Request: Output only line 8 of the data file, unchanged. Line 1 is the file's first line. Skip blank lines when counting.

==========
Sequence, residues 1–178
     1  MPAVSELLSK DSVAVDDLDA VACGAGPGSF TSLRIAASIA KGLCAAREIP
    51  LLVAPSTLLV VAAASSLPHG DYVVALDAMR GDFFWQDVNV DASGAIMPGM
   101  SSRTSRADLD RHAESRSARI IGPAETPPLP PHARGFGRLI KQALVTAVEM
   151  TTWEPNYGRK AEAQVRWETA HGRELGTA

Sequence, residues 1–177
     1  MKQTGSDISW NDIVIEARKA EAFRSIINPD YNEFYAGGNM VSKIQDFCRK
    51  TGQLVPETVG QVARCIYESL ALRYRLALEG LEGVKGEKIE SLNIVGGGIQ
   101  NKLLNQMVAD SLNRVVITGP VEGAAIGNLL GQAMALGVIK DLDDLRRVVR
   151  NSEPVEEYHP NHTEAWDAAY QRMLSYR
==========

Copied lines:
    51  TGQLVPETVG QVARCIYESL ALRYRLALEG LEGVKGEKIE SLNIVGGGIQ